Using participatory research to empower Indigenous communities
Photo Credit: JD Howell
"It's important to look at the strengths of communities and the positive things that are going on," says McMaster researcher.
February 9, 2018
When Chelsea Gabel, McMaster’s new Canada Research Chair in Indigenous Well-Being, Community Engagement and Innovation, started working with Health Canada’s First Nations and Inuit Health Branch following her master’s degree, she noticed something disturbing: there were no Indigenous people working on health policy for Indigenous communities.
Far from being a simple oversight, that gap had life-or-death consequences for communities across Canada. “These policies were very dated,” Gabel explains. “They were supposed to make communities healthier, they were supposed to improve mental health – yet we still had the highest suicide rate in the whole country, widespread mental-health challenges, and issues with chronic conditions like diabetes.”
Gabel, who is Métis from Rivers, Manitoba, decided to tackle the issue head-on by pursuing a graduate degree to look more closely at indigenous health policies and their effect on communities – and how to change them for the better.
While completing her PhD in comparative public policy at McMaster, Gabel compared programs and policies in Manitoba and Ontario: assessing how communities felt about the programs, whether policies actually improved health outcomes and what needed to change.
“We kept seeing all these ‘one size fits all’ policies that are supposed to improve the health and well-being of communities across Canada,” she says. “They didn’t take into account that communities are very different – some are rural, some are urban. A single policy was not going to serve the needs of all Indigenous people in Canada.”
As she continued her work, completing a postdoc in McMaster’s department of Health, Aging and Society, she also realized that how research was being done in Indigenous communities was as important as the results that were obtained. With a history of researchers “helicoptering” into Indigenous communities and conducting studies with little collaboration or follow-up with their subjects, Gabel knew she had to do things differently.
“I do community-based participatory research, which means working with communities on projects and research that are beneficial to them,” she says. “It’s the communities that drive the research process and determine how I can support conversations and things they’re working on already. We’re engaging partners and communities in things that are important to them.”
One of Gabel’s recent projects involved using photovoice a qualitative research method where participants document their responses to research questions through photography — to explore intergenerational relationships in St. Lewis, Labrador. Combined with one-on-one interviews and a group discussion – over a potluck meal, rather than a traditional focus group – the photovoice project demonstrated that strong relationships between seniors and youth contributed to the overall health of the community. Those findings could be used inform policies or interventions that strengthen those types of relationships in other areas – but how the data gets used is up to the community.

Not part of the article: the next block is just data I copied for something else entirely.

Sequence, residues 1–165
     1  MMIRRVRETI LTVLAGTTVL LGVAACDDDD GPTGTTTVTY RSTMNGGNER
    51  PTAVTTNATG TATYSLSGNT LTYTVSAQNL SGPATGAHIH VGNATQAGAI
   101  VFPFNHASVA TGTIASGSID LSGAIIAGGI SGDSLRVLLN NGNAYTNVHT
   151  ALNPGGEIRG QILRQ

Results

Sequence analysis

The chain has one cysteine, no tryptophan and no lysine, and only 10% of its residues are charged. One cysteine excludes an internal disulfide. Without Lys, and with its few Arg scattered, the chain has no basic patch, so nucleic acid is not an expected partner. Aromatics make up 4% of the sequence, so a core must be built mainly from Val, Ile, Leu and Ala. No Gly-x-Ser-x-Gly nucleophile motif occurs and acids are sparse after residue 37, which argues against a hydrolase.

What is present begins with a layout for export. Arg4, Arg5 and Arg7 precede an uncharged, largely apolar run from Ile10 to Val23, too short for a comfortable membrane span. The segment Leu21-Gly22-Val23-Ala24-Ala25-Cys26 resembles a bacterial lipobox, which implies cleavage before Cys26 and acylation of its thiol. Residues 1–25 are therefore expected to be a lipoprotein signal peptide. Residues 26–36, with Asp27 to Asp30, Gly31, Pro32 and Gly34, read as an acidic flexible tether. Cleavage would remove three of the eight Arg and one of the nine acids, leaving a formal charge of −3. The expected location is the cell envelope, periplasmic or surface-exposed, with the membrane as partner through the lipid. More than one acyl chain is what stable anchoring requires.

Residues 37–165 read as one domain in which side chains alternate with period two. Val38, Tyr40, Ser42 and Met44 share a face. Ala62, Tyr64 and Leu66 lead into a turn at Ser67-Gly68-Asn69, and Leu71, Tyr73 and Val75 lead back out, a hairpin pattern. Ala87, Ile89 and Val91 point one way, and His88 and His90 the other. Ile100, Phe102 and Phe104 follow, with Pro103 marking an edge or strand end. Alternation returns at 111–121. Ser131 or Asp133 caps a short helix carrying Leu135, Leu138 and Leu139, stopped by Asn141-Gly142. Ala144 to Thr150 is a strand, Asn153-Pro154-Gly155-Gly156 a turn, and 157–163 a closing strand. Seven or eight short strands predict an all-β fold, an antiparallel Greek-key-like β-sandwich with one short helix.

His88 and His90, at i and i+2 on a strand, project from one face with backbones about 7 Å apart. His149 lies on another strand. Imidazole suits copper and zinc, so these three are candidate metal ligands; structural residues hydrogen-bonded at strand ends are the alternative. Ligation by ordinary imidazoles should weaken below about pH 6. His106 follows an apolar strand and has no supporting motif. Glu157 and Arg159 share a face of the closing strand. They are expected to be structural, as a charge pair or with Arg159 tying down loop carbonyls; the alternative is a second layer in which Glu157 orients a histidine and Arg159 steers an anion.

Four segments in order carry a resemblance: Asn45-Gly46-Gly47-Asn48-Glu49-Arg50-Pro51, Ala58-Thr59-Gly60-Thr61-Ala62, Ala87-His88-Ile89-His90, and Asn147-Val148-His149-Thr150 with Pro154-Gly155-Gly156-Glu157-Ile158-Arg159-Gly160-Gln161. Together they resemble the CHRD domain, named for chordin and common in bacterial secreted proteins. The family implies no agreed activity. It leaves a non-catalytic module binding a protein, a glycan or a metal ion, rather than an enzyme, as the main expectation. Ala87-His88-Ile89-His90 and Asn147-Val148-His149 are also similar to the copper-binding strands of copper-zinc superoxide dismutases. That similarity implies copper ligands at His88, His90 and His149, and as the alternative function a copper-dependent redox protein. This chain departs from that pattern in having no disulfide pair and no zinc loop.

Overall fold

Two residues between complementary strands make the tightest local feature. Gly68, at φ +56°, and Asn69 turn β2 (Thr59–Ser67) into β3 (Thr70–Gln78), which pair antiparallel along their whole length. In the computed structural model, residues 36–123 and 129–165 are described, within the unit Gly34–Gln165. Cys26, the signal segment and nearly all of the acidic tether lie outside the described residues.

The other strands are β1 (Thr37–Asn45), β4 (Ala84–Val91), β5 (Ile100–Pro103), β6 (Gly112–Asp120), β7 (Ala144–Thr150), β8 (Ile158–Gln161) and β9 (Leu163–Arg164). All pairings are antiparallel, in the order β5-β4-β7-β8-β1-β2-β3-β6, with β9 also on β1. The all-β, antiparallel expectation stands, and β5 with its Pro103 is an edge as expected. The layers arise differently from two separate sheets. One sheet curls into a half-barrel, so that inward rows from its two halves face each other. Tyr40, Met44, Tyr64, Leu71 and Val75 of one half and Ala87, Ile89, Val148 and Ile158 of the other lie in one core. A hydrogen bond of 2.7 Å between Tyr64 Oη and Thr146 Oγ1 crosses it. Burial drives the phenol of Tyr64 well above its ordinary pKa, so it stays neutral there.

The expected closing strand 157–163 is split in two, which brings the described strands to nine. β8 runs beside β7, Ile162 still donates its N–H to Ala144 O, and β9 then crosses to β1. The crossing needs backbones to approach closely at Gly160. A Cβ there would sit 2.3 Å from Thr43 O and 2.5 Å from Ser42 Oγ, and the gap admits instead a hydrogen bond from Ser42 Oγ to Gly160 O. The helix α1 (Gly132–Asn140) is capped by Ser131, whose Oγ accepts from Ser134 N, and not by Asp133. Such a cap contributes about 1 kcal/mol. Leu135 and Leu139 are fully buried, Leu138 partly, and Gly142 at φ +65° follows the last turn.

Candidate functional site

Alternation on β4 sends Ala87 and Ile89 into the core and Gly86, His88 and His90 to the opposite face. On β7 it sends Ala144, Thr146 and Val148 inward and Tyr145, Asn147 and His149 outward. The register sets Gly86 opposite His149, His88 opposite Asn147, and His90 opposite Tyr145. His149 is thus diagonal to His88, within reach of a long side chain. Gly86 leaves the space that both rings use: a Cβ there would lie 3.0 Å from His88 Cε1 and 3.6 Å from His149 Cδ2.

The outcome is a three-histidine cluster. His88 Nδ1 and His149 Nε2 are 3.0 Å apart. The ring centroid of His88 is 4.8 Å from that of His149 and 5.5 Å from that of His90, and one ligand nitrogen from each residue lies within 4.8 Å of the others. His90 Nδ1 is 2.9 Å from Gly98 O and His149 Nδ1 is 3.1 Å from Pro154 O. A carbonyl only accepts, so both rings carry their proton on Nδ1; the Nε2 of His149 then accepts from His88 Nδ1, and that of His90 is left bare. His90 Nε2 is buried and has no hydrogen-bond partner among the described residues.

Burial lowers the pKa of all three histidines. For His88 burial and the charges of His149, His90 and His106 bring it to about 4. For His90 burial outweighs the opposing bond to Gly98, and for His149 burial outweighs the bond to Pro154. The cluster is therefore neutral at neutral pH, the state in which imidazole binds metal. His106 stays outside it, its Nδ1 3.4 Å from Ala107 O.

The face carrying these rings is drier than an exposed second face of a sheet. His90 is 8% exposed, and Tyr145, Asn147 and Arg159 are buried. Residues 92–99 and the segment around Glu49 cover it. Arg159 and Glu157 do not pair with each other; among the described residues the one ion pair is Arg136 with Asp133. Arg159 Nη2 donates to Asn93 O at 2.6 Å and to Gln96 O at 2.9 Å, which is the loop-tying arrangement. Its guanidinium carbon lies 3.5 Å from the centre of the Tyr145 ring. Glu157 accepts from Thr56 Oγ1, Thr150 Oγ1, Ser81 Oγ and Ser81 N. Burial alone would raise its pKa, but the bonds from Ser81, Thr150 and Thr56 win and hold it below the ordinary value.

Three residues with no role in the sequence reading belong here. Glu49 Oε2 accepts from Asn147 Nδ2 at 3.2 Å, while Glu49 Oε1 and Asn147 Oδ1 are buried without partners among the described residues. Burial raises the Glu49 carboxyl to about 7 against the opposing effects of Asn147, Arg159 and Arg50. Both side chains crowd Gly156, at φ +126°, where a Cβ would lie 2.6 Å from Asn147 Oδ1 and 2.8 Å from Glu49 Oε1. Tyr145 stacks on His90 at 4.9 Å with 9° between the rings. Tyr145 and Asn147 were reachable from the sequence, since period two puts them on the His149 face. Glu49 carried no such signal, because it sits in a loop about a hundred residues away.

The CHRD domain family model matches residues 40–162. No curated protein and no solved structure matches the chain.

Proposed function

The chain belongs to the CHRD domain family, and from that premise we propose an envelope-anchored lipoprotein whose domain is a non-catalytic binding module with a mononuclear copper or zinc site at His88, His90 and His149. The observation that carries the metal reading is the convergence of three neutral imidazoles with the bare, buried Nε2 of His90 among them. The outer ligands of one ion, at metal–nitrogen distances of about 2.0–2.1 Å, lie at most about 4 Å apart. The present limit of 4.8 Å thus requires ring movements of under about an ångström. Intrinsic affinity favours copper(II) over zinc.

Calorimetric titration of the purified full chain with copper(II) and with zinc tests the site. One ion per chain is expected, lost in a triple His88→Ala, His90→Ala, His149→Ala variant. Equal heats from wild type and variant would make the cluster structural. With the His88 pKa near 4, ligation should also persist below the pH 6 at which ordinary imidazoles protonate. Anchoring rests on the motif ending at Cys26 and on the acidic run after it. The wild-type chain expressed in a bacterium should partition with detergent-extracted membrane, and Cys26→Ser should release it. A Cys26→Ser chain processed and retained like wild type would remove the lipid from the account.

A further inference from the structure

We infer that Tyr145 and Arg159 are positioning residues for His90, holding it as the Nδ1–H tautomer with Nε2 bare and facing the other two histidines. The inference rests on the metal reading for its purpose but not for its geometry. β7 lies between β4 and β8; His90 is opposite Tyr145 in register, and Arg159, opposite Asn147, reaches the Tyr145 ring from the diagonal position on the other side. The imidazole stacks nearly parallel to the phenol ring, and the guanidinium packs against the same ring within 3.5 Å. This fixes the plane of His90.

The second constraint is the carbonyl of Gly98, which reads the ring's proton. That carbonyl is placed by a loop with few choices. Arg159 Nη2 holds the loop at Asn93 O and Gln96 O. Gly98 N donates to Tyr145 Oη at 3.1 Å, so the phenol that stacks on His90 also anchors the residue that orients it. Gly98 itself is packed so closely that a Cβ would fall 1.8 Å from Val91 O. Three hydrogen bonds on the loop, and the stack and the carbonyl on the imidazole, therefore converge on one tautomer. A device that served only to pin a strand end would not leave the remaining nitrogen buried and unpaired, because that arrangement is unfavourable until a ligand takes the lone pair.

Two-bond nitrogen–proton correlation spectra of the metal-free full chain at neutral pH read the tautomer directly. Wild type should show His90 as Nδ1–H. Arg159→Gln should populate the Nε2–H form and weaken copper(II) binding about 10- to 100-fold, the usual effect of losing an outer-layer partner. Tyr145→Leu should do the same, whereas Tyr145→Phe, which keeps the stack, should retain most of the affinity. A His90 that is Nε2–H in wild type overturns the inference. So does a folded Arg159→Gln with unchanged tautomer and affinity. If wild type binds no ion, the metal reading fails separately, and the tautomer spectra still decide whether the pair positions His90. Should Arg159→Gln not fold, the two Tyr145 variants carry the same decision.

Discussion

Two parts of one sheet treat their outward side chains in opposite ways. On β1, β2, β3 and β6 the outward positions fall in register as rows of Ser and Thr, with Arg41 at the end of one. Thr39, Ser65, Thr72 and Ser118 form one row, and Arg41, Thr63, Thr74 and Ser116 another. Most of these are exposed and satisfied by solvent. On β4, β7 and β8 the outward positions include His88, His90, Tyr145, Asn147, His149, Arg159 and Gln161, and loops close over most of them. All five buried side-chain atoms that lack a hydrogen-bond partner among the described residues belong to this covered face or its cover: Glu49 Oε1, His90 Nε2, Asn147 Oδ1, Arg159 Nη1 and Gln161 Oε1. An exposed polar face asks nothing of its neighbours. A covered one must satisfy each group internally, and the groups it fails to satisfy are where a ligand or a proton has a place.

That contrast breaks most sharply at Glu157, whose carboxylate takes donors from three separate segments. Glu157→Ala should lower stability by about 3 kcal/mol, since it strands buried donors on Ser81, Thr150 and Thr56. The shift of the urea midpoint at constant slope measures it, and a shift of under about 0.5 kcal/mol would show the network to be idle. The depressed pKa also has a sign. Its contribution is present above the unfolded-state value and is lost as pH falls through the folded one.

“I used OCAP – which means ownership, control and access – as a starting point,” Gabel explains. “This means communities have ownership over their data, they have control over the research process, they have access to the information about them, and they can actually physically possess the data and do what they want with it, telling the researcher the way they want the data used. It’s intense.”
Recently, Gabel has shifted her research focus from health policy to technology, investigating, with the help of funding from the Social Sciences & Humanities Research Council of Canada (SSHRC), the role of online voting in First Nations communities. The project brings together academic, community, government, non-government, and industry partners, and uses this partnership to address a number of substantial gaps in the knowledge of Indigenous civic and electoral engagement, self-determination, and local governance, as well as the impact of digital technology.
But there’s more to the work than simply counting the number of people who click an online poll. In this case, technology is enabling a much bigger shift than just a change in voting habits: the sense of greater self-determination, well-being and independence that comes from a community coming together to ratify legislation like constitutions, matrimonial property laws and land codes.
“All of these things are ways to get out from under the Indian Act and be more self-determined and less government controlled,” she says. “People had been making decisions for these communities without their input – and now the communities are taking control and developing their own laws and policies. And online voting is helping them do that.”
And while the issues she saw in Indigenous communities early in her career – high suicide rates, mental-health issues and other challenges – are still very real, Gabel is encouraged by what she’s seen in her work on online voting.
“We can’t disregard the sad news from Indigenous communities, and we desperately need programming and policy change,” she says. “But it’s important to also look at the strengths of communities and the positive things that are going on. There are so many good things in terms of how communities are developing their own laws, constitutions, and policies and programs on their own.”